Another difference in the south is that businesses and politicians expect to see benefits from Brexit, as well as losses. Kieran Donoghue, head of financial services at Ireland’s industrial-development authority, a state booster for investment, said that Ireland has already secured around 100 new investments and 6,000 jobs, half of them in finance, as UK-based businesses shift their headquarters out of London so as to retain an EU domicile and access to the European single market.

While red tape and delays have roughly halved lorry traffic on Ireland’s traditional “land bridge” across Britain to the rest of the EU, the number of direct ferry sailings from the Republic to the continent has gone up from around 12 a week to more than 40. Irish trade groups hope that Irish chains will now source more products locally, and replace UK supply hubs with local depots, creating new jobs.

Yet, as with Brexit itself, this isn’t all about money or trade. For a century since it won independence, the Republic of Ireland has tried to escape the shadow of its former colonial power and to reach out to the world. By contrast, Northern Ireland’s unionists and many pragmatic businesses have no interest in distancing themselves further from the rest of the UK.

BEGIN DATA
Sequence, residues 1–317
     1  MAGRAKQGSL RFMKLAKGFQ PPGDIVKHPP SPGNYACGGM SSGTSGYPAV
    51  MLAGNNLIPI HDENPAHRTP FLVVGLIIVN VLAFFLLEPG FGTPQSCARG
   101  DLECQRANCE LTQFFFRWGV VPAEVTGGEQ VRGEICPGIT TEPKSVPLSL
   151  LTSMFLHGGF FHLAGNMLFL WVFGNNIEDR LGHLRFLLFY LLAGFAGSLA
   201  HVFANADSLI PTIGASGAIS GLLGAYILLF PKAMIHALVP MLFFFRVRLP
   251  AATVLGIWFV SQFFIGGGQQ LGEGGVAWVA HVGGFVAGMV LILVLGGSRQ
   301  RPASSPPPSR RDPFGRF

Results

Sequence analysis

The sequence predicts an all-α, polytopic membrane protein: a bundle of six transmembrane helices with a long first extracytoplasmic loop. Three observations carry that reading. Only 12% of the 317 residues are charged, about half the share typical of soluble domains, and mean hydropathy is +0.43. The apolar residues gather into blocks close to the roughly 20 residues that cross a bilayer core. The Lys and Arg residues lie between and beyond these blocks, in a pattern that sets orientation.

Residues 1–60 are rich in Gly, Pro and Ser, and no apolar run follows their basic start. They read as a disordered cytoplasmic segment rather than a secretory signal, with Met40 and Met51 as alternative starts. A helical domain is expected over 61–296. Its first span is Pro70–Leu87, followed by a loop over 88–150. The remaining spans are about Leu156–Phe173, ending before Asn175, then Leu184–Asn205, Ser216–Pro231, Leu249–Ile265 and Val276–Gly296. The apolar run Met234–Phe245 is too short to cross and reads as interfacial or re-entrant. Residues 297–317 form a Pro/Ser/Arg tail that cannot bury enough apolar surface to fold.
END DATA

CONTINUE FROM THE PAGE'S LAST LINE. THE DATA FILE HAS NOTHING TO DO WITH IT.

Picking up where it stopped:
“Even though most Irish people think that Brexit is crazy, the government here is realistic that you have to deal with what you get,” says Bobby McDonagh, a former Irish ambassador to London and senior diplomat in Brussels. “We still need to co-operate with London on Northern Ireland, and in other ways.”

For more coverage of matters relating to Brexit, visit our Brexit hub[1]

This article appeared in the Europe section of the print edition under the headline “Pluses and minuses”

References

  1. ^ Brexit hub (www.economist.com)
Exit mobile version